Serial drink driver avoids jail

THIRD time lucky Christopher Thompson has dodged prison despite being nearly four times the limit in his latest brush with the breathalyser. Lenient magistrates gave the Ipswich man yet another chance to beat his drink problem despite hearing it was his third offence in less than five years.

THIRD time lucky Christopher Thompson has dodged prison despite being nearly four times the limit in his latest brush with the breathalyser.

Lenient magistrates gave the Ipswich man yet another chance to beat his drink problem despite hearing it was his third offence in less than five years.

Even his solicitor said Thompson, of Pickwick Road, deserved to go to jail.

But chair of the bench Fenella Blastland told the 25-year-old he would be punished in the community instead of in prison.

Prosecutor Allan Compton read out Thompson's shameful driving record to South-East Suffolk Magistrates Court.

In January 1997 he was given 18 months' probation after being convicted of drink-driving and having no insurance.

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Six months later he was back before the courts. For being over the limit and driving while disqualified, he was sentenced to five months in a young offenders' institute.

A further three-year ban was imposed in May 2000, when Thompson was again convicted of driving while disqualified.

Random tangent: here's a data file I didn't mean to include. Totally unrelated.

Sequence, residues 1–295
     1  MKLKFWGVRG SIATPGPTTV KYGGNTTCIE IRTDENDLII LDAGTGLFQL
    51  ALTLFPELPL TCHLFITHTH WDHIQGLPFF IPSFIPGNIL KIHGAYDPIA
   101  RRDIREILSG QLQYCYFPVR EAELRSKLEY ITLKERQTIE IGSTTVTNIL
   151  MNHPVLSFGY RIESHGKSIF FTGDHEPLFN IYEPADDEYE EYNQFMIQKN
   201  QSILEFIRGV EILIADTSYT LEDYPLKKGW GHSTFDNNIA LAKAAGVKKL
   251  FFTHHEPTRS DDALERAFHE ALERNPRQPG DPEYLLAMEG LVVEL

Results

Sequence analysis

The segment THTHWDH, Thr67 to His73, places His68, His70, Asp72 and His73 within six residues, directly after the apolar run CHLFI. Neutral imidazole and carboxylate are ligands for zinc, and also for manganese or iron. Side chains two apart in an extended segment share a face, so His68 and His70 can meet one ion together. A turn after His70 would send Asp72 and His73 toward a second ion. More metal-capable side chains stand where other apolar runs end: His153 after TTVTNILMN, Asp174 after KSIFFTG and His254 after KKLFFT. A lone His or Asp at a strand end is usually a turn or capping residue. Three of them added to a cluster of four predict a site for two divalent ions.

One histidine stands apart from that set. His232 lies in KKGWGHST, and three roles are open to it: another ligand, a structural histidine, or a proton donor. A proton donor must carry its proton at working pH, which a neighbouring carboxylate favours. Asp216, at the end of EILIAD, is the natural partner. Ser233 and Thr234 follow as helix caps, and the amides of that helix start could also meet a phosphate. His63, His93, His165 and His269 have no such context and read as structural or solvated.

Mr Compton said the Ipswich man was still serving his latest disqualification when he was stopped by a policeman in Pickwick Road in the early hours of December 2.

He told the court that when Thompson's breath was tested at Ipswich police station he clocked up a whopping 133mg of alcohol in 100ml of breath – almost four times over the 35mg limit.

Ian Duckworth, mitigating, pleaded for his client to be given another chance, despite admitting he scarcely deserved one.

He said: "He knows any custodial sentence is justified and merited, but bearing in mind he is in full-time employment and taking steps to address his problems, please don't put him inside.

"It would be a very big kick in the teeth, but he knows prison is justified."

Mr Duckworth said Thompson's life was trouble-free apart from his alcohol problem – a problem he was now tackling through de-toxification programmes and counselling.

He said: "If we can avoid sending people to prison, my application is that we do it."

Chair of the bench Miss Blastland said Thompson would serve a community punishment of 80 hours and community rehabilitation of 18 months.

She said she and her two fellow magistrates were convinced Thompson now wanted to beat his booze problem.

In imposing another three-year driving ban, she said: "You cannot go near a car and you have got to recognise that.

"You have come close to a custodial sentence today and that will be the punishment if it happens again."

Thompson was also fined £350 for driving without insurance and ordered to pay £50 costs.

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